Current understanding of the pattern of lymph channels is largely dependent on the anatomical studies of Sappey performed in the nineteenth century, when mercury was injected into human cadavers and the lymphatics were dissected. These studies have not been repeated because the use of mercury is now prohibited as a result of its toxicity. The aim of this study was to reappraise the gross lymphatic anatomy and lymph node connections using a radiologic technique. A period of 3 years was required for development of a new method.
The definitive technique used hydrogen peroxide to identify lymphatic vessels and to inflate them. The individual channels were injected with a radiopaque lead oxide mixture and recorded on x-ray film. Each channel was dissected meticulously under the surgical microscope and its course examined in relation to the regional lymph nodes. This method was then applied to 14 human cadaver upper limbs obtained from 10 different cadavers.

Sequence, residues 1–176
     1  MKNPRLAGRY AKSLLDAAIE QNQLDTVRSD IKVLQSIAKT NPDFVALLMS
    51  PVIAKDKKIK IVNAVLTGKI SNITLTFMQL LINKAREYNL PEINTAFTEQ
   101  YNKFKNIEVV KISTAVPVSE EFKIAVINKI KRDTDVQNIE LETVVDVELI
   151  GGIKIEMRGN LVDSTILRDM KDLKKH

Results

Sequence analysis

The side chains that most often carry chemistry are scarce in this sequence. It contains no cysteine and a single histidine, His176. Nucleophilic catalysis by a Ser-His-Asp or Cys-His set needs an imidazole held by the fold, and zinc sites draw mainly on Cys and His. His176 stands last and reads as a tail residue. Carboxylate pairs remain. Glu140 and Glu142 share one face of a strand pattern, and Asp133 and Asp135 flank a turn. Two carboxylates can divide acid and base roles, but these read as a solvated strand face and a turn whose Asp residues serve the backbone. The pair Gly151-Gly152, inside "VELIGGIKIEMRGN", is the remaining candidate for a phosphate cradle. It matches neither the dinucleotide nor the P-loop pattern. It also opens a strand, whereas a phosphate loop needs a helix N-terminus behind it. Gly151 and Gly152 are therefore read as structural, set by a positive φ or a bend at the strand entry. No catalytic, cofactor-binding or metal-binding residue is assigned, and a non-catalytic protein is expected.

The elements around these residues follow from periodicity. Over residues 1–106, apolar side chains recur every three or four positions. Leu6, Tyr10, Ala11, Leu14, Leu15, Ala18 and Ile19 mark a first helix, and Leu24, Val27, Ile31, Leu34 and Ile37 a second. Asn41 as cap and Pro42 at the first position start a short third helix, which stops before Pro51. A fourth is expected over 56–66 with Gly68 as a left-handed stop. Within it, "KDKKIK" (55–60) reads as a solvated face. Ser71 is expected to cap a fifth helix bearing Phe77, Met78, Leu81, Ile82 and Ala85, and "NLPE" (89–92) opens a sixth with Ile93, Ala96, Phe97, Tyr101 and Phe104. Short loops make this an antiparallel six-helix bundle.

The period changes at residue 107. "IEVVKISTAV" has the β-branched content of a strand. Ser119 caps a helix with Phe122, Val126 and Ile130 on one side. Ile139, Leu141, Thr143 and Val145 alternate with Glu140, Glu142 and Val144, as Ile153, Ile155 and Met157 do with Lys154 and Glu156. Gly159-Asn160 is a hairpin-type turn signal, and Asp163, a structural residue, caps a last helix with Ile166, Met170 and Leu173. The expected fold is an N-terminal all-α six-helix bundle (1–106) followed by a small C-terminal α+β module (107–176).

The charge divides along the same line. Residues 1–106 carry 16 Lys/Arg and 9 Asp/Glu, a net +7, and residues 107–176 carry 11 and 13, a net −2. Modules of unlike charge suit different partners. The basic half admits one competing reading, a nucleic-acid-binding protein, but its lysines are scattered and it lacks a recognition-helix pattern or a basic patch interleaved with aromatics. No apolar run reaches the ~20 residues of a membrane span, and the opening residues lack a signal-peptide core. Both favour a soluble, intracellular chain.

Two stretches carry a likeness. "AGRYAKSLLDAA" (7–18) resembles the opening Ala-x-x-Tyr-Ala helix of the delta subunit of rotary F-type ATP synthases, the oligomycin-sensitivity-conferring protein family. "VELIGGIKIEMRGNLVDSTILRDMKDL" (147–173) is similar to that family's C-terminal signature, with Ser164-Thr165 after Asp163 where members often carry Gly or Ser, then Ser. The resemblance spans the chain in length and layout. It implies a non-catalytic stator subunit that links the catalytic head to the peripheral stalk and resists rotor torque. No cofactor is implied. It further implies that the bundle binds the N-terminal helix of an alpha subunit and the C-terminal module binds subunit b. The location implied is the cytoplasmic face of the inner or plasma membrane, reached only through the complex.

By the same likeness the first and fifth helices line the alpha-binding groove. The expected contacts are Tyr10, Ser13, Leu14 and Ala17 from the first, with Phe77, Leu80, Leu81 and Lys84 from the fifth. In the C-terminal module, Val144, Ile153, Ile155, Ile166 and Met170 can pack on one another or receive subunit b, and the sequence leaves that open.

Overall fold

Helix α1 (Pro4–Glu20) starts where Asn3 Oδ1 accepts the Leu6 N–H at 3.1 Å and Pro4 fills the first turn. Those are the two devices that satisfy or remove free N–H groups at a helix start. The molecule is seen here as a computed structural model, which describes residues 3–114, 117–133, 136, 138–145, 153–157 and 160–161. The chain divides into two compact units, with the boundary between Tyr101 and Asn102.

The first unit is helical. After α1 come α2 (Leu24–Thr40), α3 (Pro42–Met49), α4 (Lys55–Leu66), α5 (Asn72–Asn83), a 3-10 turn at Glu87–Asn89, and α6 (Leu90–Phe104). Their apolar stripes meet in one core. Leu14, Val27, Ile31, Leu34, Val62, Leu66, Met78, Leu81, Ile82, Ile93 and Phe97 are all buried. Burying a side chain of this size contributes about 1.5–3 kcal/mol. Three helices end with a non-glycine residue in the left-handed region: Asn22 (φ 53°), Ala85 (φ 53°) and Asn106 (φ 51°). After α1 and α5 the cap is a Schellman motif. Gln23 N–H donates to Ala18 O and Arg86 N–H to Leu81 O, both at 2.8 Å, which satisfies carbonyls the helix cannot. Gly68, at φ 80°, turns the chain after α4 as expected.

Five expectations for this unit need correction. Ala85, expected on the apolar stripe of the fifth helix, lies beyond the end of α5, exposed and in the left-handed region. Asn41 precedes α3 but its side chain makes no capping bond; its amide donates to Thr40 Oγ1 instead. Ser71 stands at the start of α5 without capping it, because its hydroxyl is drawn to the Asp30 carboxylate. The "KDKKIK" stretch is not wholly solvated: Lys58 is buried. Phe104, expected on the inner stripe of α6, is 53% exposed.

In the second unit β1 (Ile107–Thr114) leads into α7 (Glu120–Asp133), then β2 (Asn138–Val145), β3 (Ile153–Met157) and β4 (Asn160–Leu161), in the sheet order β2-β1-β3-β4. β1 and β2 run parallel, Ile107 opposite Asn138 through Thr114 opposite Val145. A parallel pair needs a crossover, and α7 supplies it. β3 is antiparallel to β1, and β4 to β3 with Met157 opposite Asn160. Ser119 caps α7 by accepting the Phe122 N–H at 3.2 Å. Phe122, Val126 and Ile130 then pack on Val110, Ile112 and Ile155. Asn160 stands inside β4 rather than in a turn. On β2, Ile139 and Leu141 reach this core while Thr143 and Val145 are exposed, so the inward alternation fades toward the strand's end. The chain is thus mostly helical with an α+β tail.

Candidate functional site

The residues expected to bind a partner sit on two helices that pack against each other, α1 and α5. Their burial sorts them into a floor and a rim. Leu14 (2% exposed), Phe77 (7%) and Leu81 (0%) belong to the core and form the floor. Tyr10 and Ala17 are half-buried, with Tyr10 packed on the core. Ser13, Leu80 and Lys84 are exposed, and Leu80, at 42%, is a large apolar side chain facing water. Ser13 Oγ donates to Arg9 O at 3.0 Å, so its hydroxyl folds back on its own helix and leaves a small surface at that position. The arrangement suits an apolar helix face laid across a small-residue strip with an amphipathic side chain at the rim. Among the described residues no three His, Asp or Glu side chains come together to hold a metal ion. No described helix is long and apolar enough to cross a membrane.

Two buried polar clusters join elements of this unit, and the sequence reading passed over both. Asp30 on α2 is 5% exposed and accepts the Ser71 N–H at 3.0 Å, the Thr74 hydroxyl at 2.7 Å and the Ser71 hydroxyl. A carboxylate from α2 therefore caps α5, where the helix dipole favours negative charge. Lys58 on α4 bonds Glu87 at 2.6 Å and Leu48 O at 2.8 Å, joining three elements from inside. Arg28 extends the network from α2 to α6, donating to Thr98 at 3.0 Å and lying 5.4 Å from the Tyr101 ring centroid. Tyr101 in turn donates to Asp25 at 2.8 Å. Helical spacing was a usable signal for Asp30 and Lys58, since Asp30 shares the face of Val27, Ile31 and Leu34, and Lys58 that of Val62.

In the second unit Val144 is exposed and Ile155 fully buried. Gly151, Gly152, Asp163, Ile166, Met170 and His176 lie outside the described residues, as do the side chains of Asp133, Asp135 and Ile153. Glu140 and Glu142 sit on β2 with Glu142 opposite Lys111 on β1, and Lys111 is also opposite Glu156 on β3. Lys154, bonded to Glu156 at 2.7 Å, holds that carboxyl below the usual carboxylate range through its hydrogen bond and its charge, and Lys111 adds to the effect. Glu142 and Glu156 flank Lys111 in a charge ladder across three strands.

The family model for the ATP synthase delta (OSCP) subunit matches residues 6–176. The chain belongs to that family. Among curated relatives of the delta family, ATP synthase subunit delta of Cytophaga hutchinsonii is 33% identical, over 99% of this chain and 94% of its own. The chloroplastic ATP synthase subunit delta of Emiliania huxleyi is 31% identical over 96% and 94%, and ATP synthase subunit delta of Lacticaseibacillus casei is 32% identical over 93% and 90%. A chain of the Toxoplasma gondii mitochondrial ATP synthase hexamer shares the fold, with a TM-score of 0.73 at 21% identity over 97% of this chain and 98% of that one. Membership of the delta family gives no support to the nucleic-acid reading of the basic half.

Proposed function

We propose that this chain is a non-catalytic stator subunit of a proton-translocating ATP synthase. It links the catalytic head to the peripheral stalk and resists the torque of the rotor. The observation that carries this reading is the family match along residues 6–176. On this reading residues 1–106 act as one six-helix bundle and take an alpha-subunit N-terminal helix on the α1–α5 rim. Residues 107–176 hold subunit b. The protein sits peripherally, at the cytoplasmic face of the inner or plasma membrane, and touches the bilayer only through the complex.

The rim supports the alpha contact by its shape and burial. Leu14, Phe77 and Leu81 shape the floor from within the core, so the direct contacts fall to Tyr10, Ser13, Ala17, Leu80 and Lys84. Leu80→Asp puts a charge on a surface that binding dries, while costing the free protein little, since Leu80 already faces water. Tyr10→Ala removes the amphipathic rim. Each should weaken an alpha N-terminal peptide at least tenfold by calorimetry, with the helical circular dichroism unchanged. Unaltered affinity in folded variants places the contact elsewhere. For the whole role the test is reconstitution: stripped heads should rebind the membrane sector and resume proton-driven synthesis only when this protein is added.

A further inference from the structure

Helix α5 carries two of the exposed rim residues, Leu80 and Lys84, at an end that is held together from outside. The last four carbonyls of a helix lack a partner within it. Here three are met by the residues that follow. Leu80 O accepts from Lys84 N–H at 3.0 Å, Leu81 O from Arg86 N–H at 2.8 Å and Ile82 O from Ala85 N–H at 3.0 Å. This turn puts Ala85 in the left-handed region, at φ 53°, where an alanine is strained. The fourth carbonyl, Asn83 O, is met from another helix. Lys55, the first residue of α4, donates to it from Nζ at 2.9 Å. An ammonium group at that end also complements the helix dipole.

The authors found that the superficial lymphatic vessels course within the subcutaneous fat in close proximity to the main subcutaneous veins. Communication between the superficial and the deep lymphatic systems was not identified in these studies.
Most lymph vessels were seen to flow into one main (sentry) lymph node in the axillary region; however, some of the lymph vessels ran along the posterior forearm, bypassing the “sentry” node to reach other smaller nodes.
From the Jack Brockhoff Reconstructive Plastic Surgery Research Unit, Department of Anatomy and Cell Biology, University of Melbourne.
Received for publication October 3, 2005; accepted February 15, 2006.
Hiroo Suami, M.D, Ph.D., The Jack Brockhoff Reconstructive Plastic Surgery Research Unit, E533, Medical Building, Department of Anatomy and Cell Biology, University of Melbourne Grattan Street, Parkville 3050, Victoria, Australia, firstname.lastname@example.org